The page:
Evidently, arbitrage funds can be a good alternative for investors for their short term investment needs. These funds have the potential to provide healthy returns during the volatile market conditions and that too with a reasonable degree of safety and in a tax efficient manner. Of course, there are pitfalls too. A depressed stock market may not provide enough opportunities for an arbitrage fund. Besides, it is not necessary that on the day of expiry the price of the stock and its future contract will coincide.
Mutual funds also offer a variety of income funds for medium and long-term term investments such as income funds, gilt funds and fixed maturity plans. Since, every fund that has an exposure of less than 65 per cent in equity is considered as a debt fund for tax purposes, hybrid funds with varying degree of exposure to equities within this limit are also considered as debt funds. If one invests in these funds with a time horizon of three years or more, not only the returns can be much higher than traditional options like deposits and bonds but also the tax efficiency can improve post tax returns considerably. For such funds, any gain on units redeemed after three years is considered as long-term capital gains and is taxed at the rate of 20 per cent after taking inflation indexation into account. Considering that in a country like ours, inflation generally remains at persistently high levels, one would barely pay any capital gains tax.

For investment to be made with a time horizon of more than one year and less than three years, equity savings schemes, a recent addition to the basket of funds offered by mutual funds, can be an ideal option. The schemes invest in a combination of debt, arbitrage and equity in such a manner that exposure to equity is capped at around 20-25 per cent and the aggregate of arbitrage and equity is more than 65 per cent, which qualifies them to be an equity fund for tax purposes.

For investors who want to build a hybrid portfolio investing pre-dominantly in equities for a particular goal, there is an option of either investing in equity and debt fund separately or in an equity oriented balanced fund. If the fund is chosen well, a balanced fund can be a better option as the entire long-term capital gains becomes tax free after one year. Moreover, in a balanced fund, the fund manager keeps rebalancing the asset allocation in keeping with the fund's objectives, without any tax implications on investors. However, if the intent is to build a hybrid portfolio with a bias towards debt instruments, investing separately in debt and equity funds would be a better option. By doing so, capital gains on equity portion can be made tax free after a year and one would have the flexibility to realign the portfolio, if need be.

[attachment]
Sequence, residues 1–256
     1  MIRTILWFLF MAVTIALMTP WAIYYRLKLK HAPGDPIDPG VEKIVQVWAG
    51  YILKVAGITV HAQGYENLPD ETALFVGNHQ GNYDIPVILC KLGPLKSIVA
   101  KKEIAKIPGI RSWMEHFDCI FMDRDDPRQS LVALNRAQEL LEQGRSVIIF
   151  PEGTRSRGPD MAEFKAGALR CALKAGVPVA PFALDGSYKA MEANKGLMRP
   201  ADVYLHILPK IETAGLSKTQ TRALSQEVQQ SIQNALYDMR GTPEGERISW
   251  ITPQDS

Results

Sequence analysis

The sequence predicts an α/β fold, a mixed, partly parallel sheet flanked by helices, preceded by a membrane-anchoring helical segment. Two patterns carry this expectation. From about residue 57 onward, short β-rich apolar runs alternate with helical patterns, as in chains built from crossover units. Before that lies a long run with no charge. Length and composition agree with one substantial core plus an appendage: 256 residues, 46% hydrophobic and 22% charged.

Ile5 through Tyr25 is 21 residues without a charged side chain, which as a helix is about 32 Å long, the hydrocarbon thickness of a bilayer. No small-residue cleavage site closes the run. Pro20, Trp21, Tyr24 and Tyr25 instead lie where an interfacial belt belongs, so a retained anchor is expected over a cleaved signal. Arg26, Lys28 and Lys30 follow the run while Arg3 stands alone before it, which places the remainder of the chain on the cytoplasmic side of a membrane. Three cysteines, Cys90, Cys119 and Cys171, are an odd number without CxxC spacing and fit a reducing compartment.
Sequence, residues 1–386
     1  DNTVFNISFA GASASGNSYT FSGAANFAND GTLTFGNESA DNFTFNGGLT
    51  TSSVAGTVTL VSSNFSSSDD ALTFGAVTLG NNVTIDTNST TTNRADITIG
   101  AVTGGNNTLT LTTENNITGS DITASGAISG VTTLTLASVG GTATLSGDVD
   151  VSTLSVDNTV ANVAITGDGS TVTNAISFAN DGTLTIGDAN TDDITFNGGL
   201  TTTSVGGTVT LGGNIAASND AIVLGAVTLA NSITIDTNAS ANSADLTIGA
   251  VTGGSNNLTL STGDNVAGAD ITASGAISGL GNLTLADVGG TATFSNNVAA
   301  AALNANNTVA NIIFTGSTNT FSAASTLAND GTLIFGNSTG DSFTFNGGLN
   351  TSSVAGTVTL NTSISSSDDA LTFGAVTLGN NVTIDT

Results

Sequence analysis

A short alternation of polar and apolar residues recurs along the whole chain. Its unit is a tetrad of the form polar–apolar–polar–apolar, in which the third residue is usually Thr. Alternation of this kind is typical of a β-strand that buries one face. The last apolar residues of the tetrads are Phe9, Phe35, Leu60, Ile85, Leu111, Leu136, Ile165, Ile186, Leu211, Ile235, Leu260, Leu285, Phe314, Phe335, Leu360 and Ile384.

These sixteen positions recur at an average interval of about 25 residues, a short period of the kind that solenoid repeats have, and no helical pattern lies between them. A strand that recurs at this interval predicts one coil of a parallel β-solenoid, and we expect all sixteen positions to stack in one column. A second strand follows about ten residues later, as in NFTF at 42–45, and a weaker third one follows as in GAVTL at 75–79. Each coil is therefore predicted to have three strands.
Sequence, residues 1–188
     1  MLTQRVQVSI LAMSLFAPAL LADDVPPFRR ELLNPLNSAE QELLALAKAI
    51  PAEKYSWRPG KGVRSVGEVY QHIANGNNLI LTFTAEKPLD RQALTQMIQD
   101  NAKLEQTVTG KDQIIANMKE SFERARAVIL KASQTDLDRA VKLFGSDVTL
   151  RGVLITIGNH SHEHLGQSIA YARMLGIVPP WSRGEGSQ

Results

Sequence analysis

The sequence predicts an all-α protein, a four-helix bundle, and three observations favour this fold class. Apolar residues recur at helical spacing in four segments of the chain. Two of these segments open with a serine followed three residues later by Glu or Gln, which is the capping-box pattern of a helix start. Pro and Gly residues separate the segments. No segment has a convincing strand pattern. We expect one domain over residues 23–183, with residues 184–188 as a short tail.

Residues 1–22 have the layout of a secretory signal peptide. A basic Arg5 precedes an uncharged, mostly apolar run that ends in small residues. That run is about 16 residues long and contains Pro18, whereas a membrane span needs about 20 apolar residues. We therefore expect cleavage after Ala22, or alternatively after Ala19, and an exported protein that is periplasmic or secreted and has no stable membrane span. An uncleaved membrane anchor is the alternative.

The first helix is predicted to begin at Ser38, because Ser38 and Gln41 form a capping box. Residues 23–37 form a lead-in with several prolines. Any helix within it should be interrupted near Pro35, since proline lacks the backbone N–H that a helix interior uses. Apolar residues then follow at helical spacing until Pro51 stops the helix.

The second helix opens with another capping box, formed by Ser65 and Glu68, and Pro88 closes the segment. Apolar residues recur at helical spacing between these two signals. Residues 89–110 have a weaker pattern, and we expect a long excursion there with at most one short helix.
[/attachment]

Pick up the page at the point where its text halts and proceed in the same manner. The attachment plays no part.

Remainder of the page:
Similarly, while investing for long-term, it is important to invest in an asset class that has the potential to beat inflation as well as provide tax efficient returns. Equity, as an asset class, fits the bill as it has a proven long-term track record of delivering higher post tax return than other asset classes. However, it is important to minimize portfolio turnover to improve tax efficiency of returns.

To do so, one must follow the right strategy. First, by assessing the tax consequences before making abrupt changes in the portfolio and resisting the temptations to sell investments for reasons other than poor performance and changes in one's personal circumstances, one can reduce the tax burden. Second, one must try to make the right selection of investment options to minimize the need to make changes in the portfolio in the short term. Third, by honouring one's time commitment, one can avoid making haphazard decisions. This also helps in tackling the market volatility from time to time. Last but not the least, by following the strategy of portfolio rebalancing once a year, one can not only book profits during market upturns but also invest in it when the chips are down. Needless to say, a tax aware investment strategy has the potential to ensure that one gets to keep more in the end.